Skewed to the Right: Sport, Mental Health and Vulnerability - Estimated Publication Date Spring 2021

Amy is working with Phoenix Publishing House to produce a non-fiction book to raise social awareness on increased vulnerability to developing mental ill health in high performance athletes. She used to be a high performance lightweight rower herself and it is through her own exposure to this culture and then experience of the barriers to offering robust clinical work to athletes that she has felt the need to write a book to increase awareness of these issues.

The book is divided into three sections:

Weight Restricted Sport (Rowing and Horse Racing)

Personality traits that help and hinder (Obsessionally, Masochism, Focus)

Points of Vulnerability (Gender, Injury and Retirement)

Each chapter includes an interview with a high performance athlete and shares their story alongside a clinical commentary. Athletes include:

Jack Rutter, Former England Cerebral Palsy Football Captain

Baroness Tanni Grey-Thompson, Former Wheelchair Racer

Kieren Emery, Former GB Lightweight Rower

Luke Stoltman, x4 Scotland's Strongest Man and WSM Competitor

Mark Enright, Jockey

Graeme Fowler, Former England Cricketer

Nick De Luca, Scottish International Rugby

Life After Brain Injury Photography Exhibition

Life After Brain Injury Photography Exhibition

Amy has a personal interest in street and social documentary photography, influenced by her clinical experience. She enjoys travel, simultaneously capturing and learning about people and cultures. Capturing and communicating individual stories is at the heart of her work.

On the 13th and 14th October 2017 Amy will be exhibiting her work at a Photography Exhibition at the Mushroom Works in Newcastle Upon Tyne. All proceeds will be donated to Headway, the brain injury association. A national charity that works with individuals to provide support following a brain injury.

Following a traumatic brain injury there is inevitably a loss, possibly of cognitive, physical and/or emotional functioning. The process of adjustment to that loss is an individual journey. This exhibition shares the stories of five individuals with brain injuries and allows us to explore the impact of this on their lives.

All prints will be available for sale on the evening along with Christmas Cards designed by the individuals featured in the Exhibition. All proceeds and donations will directly be donated to Headway.

For further coverage of the Exhibition on Headway's Website please click on the link below.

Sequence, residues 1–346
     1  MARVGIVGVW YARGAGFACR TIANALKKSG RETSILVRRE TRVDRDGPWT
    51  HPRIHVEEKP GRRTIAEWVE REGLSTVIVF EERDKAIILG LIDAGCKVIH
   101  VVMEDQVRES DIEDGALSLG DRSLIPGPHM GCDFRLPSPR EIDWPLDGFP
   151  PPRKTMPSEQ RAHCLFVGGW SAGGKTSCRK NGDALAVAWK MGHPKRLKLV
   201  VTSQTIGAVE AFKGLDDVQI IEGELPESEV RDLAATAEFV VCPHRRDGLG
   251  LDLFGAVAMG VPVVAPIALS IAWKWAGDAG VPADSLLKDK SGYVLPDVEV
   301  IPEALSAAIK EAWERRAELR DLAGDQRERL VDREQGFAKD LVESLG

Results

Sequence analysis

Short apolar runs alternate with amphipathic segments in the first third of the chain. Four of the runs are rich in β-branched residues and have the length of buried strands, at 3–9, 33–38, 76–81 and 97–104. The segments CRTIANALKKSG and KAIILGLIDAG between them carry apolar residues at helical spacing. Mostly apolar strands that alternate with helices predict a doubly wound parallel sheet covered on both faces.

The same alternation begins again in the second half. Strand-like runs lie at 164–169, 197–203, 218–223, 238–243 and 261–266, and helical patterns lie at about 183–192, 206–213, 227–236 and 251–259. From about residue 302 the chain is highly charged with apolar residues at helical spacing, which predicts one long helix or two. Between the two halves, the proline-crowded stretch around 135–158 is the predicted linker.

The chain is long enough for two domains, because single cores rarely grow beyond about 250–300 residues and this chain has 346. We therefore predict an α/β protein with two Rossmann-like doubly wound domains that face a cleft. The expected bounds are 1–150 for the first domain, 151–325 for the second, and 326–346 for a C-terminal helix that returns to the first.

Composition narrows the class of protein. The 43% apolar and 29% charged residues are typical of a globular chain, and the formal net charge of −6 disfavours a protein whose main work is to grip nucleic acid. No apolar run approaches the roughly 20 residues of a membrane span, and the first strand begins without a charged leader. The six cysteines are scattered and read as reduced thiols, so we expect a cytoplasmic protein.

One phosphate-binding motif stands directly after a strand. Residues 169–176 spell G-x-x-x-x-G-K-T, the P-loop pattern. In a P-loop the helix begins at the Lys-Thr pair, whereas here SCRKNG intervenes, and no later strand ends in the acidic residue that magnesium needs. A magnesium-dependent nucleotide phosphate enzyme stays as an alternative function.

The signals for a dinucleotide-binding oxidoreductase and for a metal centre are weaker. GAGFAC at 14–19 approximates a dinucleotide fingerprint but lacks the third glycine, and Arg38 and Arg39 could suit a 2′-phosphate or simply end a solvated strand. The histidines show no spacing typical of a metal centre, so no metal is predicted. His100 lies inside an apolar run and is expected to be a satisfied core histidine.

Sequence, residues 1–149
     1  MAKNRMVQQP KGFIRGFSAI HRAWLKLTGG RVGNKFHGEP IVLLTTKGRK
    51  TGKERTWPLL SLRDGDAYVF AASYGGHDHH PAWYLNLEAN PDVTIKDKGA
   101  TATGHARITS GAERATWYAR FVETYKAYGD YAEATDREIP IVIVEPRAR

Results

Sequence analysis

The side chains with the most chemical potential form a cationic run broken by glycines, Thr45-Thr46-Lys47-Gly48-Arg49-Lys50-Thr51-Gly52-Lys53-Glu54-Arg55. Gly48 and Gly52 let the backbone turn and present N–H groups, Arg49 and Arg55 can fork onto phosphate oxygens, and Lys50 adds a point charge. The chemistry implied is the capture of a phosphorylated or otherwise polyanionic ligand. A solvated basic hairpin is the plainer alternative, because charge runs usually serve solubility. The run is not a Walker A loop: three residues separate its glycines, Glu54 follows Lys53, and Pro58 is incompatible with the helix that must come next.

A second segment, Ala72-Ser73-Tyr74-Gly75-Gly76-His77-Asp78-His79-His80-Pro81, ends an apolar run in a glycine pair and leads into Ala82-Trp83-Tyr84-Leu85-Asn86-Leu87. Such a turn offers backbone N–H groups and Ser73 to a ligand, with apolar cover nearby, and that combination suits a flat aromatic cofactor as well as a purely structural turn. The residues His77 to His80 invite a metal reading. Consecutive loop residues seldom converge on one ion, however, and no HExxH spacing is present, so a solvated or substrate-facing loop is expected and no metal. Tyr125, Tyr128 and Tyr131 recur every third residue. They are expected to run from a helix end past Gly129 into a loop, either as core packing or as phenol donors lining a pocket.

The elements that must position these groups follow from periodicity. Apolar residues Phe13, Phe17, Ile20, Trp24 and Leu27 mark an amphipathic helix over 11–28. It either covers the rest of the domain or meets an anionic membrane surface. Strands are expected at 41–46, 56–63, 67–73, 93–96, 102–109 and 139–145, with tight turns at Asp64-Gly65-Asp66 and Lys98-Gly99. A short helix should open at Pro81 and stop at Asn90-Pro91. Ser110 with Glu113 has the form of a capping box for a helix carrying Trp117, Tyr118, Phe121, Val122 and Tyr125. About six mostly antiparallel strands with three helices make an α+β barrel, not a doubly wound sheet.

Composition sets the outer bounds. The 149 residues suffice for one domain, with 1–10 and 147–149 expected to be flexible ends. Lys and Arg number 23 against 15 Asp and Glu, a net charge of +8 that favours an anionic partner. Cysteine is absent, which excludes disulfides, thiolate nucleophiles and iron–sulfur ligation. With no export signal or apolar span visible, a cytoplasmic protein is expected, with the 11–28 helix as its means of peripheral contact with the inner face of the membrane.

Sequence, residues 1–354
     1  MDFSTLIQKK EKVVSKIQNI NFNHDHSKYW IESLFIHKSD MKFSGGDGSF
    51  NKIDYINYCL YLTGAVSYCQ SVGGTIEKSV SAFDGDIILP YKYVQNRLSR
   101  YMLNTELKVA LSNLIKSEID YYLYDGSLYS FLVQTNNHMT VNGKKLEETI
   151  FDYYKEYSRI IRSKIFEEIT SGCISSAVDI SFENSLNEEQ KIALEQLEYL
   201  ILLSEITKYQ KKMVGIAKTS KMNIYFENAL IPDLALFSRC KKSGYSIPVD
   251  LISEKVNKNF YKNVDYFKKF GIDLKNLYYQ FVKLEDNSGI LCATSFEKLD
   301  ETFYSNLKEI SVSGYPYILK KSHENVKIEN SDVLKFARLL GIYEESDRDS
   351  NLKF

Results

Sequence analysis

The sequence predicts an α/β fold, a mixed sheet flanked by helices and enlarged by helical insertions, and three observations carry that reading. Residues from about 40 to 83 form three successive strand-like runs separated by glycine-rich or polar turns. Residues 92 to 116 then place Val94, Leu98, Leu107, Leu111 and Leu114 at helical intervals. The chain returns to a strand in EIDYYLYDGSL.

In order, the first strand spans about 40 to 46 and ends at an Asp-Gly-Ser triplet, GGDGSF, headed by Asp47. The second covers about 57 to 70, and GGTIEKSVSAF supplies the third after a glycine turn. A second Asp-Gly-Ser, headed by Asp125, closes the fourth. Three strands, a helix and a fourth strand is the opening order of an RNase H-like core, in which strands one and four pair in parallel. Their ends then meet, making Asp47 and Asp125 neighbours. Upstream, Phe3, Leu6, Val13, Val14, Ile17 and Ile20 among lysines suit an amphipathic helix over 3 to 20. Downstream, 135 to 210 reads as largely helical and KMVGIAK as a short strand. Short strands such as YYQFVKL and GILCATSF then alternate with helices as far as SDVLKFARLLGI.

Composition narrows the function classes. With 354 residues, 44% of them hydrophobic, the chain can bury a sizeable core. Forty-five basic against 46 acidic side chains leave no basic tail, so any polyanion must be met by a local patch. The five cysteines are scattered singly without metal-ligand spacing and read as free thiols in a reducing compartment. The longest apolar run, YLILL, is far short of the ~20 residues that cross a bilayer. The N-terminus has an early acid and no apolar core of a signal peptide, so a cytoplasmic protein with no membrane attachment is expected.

Cambodia in Transition: Trauma, Health and Religion Photography Exhibition -

Stockton Arts Centre, The ARC - 5 March 2020 - 24 April 2020

In November 2018 Amy visited the government run Battambang Referral Hospital in Cambodia. Here, she worked with Transform Healthcare Cambodia (THC). THC are a small charity based in the North East of England where clinical volunteers provide sustainable training, education and support to their Khmer colleagues to develop clinical practice.

The genocides of the 1970s under Pol Pot's regime meant that this country lost an entire generation of healthcare professionals and has been left with the fallout that ripples through the country's people, their infrastructure, financial and political status.

Amy is working with THC to deliver an exhibition of the images collected from her time at Battambang Referral Hospital in hope of raising awareness of the ongoing challenges that this country, its healthcare system and its people now face. Amy will be offering psychoanalytic thought alongside the images. They hope to exhibit the work in three locations across London, the North East and the North West starting with Stockton, the birth place of the charity.


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The clinic is well serviced by public transport situated directly opposite Jesmond Metro station. A bus stop is also just outside the building. If you are driving please do not use the parking spaces in front or directly behind the building as these are all allocated spaces. Free on-street parking is available on nearby Fernwood Road for up to 2 hours.